Should I Stay Or Should I Go?
You don't have to be in Japan to get hired. There are lots of job sites (below) to help you do that. However, being in the country could give you an advantage. That being said, Japan is a very expensive place to be and it could take 3-4 months to land a job so you'll need to being a lot of money with you, something like $5000.

Here's a list of some of the larger eikaiwa chains, some of which have offices outside of Japan where you can interview in person. Others will want to interview via Skype or phone. Eikaiwa often pay better than public schools but your hours will vary and be when people are not working or in school, so evenings and weekends.

Aeon Nova (Geos)
James English School

ALT Providers
If you'd rather work in a public school with normal 9-5 hours, try one of these.

Altia Central

Job Sites
There are many other, smaller schools also hiring. Look on the following job sites for job postings. Gaijinpot is the biggest and best known, but not every school will post there. Also, everyone looking for a job goes there so there are literally hundreds of applicants for any one job. Check the sites everyday and if you can, check at the end of the day, as that's when new ads tend to go up (it's morning in Japan then).

TEFL Jobs Now
Japan English Teacher
Total ESL
You Can Teach English
ESL Job Feed
Dave's ESL Cafe International Job List
All About Teaching English In Japan
Jobs In Japan
Kansai Scene Classifieds
Kansai Flea Market Classifieds
Kansai Free Ads

Information Boards
Check these boards for additional information. As with any expat boards take what people say with a grain of salt.

Gaijinpot Forums
Dave's ESL Cafe International Forums
I Think I'm Lost
JET Forums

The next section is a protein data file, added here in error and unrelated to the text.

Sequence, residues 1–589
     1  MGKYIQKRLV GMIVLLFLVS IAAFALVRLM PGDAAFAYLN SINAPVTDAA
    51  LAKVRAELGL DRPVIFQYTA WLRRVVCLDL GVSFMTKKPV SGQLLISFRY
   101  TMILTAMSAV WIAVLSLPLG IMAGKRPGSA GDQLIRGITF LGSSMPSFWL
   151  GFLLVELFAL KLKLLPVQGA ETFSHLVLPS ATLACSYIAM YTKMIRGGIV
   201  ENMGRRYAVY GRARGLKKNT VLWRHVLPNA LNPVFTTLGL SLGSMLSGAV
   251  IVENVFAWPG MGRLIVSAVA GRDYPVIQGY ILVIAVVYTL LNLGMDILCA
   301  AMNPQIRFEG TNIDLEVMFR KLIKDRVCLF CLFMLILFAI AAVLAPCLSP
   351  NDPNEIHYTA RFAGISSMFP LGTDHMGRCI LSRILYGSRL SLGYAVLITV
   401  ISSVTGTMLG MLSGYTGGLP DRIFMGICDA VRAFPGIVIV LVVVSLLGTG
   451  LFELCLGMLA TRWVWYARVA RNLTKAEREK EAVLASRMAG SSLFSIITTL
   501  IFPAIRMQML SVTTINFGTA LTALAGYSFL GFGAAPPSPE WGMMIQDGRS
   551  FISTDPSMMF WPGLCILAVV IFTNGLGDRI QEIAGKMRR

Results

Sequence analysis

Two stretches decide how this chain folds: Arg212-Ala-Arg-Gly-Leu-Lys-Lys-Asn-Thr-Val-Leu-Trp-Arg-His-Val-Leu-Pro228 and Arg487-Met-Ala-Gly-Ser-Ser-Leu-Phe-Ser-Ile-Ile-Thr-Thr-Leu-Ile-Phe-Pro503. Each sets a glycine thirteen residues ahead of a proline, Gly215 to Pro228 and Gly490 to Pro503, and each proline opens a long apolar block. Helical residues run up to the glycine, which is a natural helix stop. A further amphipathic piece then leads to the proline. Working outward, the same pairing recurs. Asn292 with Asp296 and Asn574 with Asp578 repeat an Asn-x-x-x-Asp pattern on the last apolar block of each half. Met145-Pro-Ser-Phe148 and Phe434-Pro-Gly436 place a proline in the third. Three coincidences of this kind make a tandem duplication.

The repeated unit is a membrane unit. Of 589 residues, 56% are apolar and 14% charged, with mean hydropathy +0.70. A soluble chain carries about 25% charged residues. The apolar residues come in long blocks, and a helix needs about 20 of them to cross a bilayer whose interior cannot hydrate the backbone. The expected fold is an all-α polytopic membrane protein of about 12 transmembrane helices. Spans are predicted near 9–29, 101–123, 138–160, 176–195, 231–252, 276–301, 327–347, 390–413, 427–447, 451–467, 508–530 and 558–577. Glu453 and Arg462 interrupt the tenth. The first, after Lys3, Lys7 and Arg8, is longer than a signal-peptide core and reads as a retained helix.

Good luck!

Saturday, August 7, 2010

How I Secured A Job Teaching English In Korea

The contracts are signed, the visa is being processed, the plane tickets are bought, and all that's left to do is pack my bags. Yes, I'm finally leaving for Asia to teach English.

I've decided to go with EPIK, a South Korean government program that recruits English-speaking people from all over the world to teach in elementary, middle and high schools around Korea. The pay and benefits are both excellent. As with most English-teaching jobs in Korea, your airfare and rent are paid, leaving you free to take home the lion's share of your paycheck. Add to this a lower standard of living than home, extremely affordable health care, and an agreement between the US and Korea so I don't have to pay income tax for two years. Financially, it's the best deal in Asia.

Long-time readers of this site will be wondering why I chose Korea over my beloved Japan. Truthfully, it's more that Japan didn't choose me. I applied to the JET program and ended up on the waiting list and then applied to a number of cram schools as well. But as I found out, it's a difficult time to get an English-teaching job in Japan, especially with no experience. Fewer jobs and more applicants (curse you, manga and anime) means employers can afford to be picky. Korea, however, has made English language a priority. Now is the time to break into Korea, as more and more people are taking the same route.

So how did I do it? In this piece I'll take you though my job application steps. This is not meant to be a definitive how-to, it's just the way I did it. Hopefully it will give you some pointers for your own job search. (I also plan to write similar articles on Japan and Taiwan, both of which I received job offers from before settling on EPIK.)

Public or Private?
There are for the most part two kinds of schools to apply to in Korea, public schools and private schools. The latter could include private day schools but for the most part this means hagwons, or cram schools, places where kids go after regular school to supplement their education. Both public and private schools offer similar salaries and bonuses but the main difference between them is when they hire. Hagwons hire all year round while public schools generally hire twice a year, for spring and fall intakes.